However, in his defense our culture does and can be seen as extreme. With the cultures and the multitude of people and their beliefs we all are viewed as different, weird even. I find myself often disgusted by cultures and the things in which they believe. If I look at this from a different aspect; I can open my mind to understanding that we are all taught different things from early on. This is where our tradition and beliefs are formed. We can’t change what we are taught; we can only grow with knowledge throughout life. Towards the end of this article Miner discusses the Nacermia people and their use of a practitioner that is responsible for exorcism; known as the “listener”. Obviously we are referring to the “psychiatrist”. I studied several different cultures and the use of what is considered as a “listener”; and learned it is not as strange to others. Clearly, it’s a used belief all over; but looked at and named something different. There are a few things in which I had difficulty understanding within this writing such as where Miner states that mothers place a curse upon their child. My only understanding is possibly he is using the fact that mothers have such a huge influential impact upon a child; it can be seen as a curse. After reading this;
I can use sociological imagination andplace myself outside of the American culture and look in. We as Americans do take extreme measures to change the appearance of our bodies to make it look better. We use procedures as pulling hair off our face; and go even as far as using a laser to completely burn the hair follicle where it never returns. American people conduct drastic procedures such as putting toxic chemicals in their hair which could possibly be fatal; if miss handled. I feel as if the American people can be viewed as prideful people. We use our appearance as a high standard in society. We work alongside doctors to incorporate differences that we can make to feel better, look better or seem better. Other cultures could definitely see this as extreme. Our bodies are the highest symbol of our pride; as Miner I feel is trying to state. Americans have a tendency to place more pride in themselves than their accomplishments. Miner’s drastic and sarcastic satire writing is an amusing way for him to get his point across. It shows that the American culture is just as exotic as the cultures in which they criticize. Americans are quick to judge other cultures for their actions and beliefs, but many fail to take a step back and see the many downfalls our own culture has! References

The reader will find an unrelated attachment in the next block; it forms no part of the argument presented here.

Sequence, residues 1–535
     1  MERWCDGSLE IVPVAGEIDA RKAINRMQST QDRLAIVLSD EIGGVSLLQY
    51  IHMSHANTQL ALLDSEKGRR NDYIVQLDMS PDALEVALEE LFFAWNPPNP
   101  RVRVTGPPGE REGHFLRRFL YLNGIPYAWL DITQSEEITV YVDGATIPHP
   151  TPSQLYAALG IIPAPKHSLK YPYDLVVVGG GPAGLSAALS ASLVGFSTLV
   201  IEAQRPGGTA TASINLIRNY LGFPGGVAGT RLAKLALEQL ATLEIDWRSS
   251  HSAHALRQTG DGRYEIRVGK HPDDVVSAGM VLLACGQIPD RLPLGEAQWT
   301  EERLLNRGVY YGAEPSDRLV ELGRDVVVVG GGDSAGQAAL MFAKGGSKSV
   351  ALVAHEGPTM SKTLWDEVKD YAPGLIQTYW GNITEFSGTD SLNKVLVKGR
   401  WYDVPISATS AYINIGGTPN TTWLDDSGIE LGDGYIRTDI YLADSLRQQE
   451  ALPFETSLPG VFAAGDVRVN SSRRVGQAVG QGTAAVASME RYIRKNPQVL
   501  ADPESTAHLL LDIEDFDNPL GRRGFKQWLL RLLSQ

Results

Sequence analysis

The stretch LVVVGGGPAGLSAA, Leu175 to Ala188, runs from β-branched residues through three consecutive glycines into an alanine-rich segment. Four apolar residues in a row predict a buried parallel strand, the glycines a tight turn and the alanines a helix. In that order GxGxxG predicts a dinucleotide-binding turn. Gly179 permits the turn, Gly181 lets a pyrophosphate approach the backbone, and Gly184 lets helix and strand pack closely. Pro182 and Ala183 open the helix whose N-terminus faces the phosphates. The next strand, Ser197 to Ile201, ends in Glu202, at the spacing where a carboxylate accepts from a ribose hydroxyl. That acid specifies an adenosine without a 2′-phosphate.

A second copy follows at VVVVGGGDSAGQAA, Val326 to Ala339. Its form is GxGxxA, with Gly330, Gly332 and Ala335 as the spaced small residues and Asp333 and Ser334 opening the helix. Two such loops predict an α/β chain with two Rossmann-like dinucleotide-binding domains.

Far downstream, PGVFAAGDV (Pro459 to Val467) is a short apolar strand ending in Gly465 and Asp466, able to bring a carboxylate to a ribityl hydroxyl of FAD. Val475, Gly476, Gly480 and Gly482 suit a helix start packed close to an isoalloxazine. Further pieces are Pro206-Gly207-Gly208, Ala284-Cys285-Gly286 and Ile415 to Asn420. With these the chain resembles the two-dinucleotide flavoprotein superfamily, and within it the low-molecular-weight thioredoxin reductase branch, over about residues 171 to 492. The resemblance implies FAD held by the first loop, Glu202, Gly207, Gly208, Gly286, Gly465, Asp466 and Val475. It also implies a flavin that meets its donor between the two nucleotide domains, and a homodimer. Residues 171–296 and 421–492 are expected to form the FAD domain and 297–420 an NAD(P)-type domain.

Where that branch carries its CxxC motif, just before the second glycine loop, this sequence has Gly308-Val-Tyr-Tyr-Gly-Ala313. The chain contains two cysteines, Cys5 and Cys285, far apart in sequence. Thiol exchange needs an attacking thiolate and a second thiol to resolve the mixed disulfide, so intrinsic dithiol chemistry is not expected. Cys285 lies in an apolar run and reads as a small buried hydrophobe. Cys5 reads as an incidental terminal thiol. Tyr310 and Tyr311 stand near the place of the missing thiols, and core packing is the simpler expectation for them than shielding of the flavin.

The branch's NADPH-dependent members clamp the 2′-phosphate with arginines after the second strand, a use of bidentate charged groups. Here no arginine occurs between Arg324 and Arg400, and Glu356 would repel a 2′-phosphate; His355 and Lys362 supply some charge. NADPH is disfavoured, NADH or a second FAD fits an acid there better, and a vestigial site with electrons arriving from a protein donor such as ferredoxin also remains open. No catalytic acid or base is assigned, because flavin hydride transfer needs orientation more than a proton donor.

Miner, Horance. (n.d.) Body Ritual among the Nacirema. Retrieved from